Deploy with git push


Wouldn’t it be nice to publish a website with a simple git push?
Here I’ll explain you how I usually do this.

I assume that the environment of the staging/production servers are the following:

  • Operating system: Ubuntu 14.04 or Ubuntu 16.04

If your servers are not the above, the approach described in this document should work with minor changes given that they are *nix.


Let’s assume that:

  • the remote server is available at the address
  • you want to create a new repository named
  • the web server impersonates the user in the group
  • you want to execute these commands after the push:
    • -

One-time server setup

Install required packages

First of all, you need to install git on the server.
You can do this by running the following command:

sudo apt-get update
sudo apt-get install -y git

If the above command fails with an error like Unable to locate package git, you can try this:

sudo apt-get install -y git-core

Create the git user

We need to create a user account on the server. This account will be the one used by the publish process.

With the following command we create that account:

sudo adduser --gecos Git --disabled-login --disabled-password --shell /usr/bin/git-shell --home /home/git --ingroup  git

Here’s the explanation of the above options:

  • --gecos Git: set the full name of the account to Git (this essentially in order to avoid asking useless data like the account room number and work/home phone)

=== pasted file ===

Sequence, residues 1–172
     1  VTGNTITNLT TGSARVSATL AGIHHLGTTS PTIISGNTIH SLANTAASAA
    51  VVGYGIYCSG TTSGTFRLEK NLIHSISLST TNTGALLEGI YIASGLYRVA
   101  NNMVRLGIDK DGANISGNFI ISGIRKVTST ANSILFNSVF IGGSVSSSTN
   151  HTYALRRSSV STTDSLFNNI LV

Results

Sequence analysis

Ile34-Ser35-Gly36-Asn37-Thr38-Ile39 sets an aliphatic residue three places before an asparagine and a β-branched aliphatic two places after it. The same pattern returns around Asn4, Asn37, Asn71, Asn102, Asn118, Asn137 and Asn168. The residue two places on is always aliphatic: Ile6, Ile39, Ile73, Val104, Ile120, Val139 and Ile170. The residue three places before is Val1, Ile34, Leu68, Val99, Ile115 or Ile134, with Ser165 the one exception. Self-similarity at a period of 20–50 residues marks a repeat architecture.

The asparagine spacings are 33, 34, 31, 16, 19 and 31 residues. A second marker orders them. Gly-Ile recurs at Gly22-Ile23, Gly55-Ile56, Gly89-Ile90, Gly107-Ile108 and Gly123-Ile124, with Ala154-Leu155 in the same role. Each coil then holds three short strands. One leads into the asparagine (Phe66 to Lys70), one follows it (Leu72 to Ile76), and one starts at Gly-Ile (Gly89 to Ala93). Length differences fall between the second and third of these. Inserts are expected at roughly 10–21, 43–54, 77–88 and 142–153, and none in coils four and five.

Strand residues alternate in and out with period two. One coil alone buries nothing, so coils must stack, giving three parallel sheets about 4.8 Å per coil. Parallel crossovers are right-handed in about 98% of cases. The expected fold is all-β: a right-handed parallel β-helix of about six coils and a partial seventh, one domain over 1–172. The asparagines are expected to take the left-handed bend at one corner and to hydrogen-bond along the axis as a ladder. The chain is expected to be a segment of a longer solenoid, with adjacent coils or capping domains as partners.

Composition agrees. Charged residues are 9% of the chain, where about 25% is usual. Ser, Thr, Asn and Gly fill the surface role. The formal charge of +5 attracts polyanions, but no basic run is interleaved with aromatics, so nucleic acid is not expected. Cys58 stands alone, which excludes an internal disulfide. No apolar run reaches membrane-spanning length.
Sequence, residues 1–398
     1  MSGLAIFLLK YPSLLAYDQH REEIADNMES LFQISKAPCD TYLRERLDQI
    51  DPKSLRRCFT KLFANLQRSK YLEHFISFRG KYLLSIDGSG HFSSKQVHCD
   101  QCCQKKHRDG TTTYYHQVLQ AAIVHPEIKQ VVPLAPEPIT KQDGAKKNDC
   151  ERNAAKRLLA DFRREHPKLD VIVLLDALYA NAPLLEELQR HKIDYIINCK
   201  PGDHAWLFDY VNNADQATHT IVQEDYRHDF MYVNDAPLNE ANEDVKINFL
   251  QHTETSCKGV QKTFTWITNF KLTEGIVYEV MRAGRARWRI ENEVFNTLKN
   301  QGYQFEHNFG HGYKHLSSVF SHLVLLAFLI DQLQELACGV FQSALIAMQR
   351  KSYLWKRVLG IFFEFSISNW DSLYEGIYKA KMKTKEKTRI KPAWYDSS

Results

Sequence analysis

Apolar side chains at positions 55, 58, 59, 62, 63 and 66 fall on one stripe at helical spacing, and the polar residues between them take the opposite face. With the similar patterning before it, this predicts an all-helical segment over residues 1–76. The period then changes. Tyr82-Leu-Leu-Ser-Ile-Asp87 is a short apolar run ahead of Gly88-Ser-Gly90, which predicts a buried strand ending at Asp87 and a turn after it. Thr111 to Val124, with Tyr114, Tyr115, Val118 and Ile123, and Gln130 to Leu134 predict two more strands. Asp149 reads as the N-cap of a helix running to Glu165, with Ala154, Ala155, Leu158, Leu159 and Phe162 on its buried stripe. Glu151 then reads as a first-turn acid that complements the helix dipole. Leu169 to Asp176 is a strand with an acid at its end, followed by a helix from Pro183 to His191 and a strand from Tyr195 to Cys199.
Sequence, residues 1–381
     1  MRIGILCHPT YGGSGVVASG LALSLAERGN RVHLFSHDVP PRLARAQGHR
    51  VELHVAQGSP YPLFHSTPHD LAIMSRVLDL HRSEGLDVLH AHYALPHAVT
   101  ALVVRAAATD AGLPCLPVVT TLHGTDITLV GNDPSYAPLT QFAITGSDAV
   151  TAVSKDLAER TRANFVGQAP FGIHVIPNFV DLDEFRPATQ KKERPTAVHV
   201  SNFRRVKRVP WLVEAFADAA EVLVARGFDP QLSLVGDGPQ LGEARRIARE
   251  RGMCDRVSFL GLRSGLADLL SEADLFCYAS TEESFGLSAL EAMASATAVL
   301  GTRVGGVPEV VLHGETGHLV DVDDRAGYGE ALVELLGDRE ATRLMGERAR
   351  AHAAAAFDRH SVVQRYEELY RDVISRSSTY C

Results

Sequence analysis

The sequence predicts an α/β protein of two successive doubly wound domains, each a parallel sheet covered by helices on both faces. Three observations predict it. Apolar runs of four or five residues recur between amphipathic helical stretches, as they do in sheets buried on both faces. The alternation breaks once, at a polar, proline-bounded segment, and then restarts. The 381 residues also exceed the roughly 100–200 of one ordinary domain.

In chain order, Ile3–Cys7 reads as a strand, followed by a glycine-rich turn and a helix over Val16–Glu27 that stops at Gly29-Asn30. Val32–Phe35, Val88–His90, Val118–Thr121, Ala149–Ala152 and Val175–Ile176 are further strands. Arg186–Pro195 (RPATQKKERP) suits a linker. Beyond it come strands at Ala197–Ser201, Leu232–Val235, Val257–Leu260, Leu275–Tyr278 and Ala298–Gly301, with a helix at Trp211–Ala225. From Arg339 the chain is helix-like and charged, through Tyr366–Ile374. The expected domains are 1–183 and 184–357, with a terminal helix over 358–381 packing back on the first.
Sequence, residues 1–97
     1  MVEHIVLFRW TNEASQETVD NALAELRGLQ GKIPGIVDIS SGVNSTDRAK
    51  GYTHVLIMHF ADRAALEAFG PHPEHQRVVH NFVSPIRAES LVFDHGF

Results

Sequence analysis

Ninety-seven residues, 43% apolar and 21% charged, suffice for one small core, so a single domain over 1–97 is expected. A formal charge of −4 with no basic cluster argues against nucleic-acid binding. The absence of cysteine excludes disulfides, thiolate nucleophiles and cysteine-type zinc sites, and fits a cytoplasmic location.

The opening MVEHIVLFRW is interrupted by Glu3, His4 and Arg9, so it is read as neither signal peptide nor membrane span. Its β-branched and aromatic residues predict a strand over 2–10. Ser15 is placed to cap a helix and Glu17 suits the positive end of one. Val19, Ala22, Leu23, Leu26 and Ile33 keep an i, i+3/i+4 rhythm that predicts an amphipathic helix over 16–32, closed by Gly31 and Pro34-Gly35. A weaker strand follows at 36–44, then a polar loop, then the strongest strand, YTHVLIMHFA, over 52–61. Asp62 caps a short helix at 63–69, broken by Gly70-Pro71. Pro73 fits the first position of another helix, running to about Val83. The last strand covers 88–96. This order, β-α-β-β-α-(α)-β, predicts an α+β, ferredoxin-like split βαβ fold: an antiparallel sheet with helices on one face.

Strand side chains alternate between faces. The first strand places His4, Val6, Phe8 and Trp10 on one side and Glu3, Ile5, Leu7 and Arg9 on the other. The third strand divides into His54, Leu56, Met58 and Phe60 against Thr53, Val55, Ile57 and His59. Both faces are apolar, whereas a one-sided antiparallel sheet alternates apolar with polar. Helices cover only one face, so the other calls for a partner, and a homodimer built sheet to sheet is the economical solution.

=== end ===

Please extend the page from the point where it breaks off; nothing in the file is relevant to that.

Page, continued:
• --disabled-login: the user won’t be able to use the account until the password is set.
  • --disabled-password: disable the login using passwords (we’ll access the system with SSH RSA keys)
  • --shell /usr/bin/git-shell: when the user access the system, he will use the fake shell provided by git
  • --home /home/git: set the home directory for the user to /home/git
  • --ingroup : add the new user to the group instead of the default one
  • git: the username of the new account

Strengthen login security

We then need to configure the git shell.
In order to improve the security of unwanted logins and abort shell sessions, we create a file that is executed when the git user logs in the shell and that will abort the session.

sudo mkdir /home/git/git-shell-commands
sudo nano /home/git/git-shell-commands/no-interactive-login

In the editor type in these commands:

printf '%s\n' "Hi $USER! You've successfully authenticated, but I do not"
printf '%s\n' "provide interactive shell access."
exit 128

To save the new file hit CTRL+o then ENTER.
To quit the editor, hit CTRL+x.

We finally have to make the file executable:

sudo chmod +x /home/git/git-shell-commands/no-interactive-login

Allow impersonation

The git user needs to be able to publish files acting like .
In order to allow this, run this command:

sudo visudo

Go to the end of the editor contents and add these lines:

Defaults!/usr/bin/git env_keep="GIT_DIR GIT_WORK_TREE"
git ALL=() NOPASSWD: /usr/bin/git

The first line tells the system that when the git command is executed with a sudo, we need to keep the two environment variables GIT_DIR and GIT_WORK_TREE.
The second line tells the system that the git user can execute the git command acting as without any further authentication.

Authorized developers

Every developer that should be able to publish needs an SSH-2 RSA key pair.
It’s possible (and recommended) to use a different key for every developer.

Create the keys under Windows

I order to create the key pair, you can use PuTTYgen.
If you already installed TortoiseGit you should already have this command, otherwise you can download it.

So, open PuTTYgen and: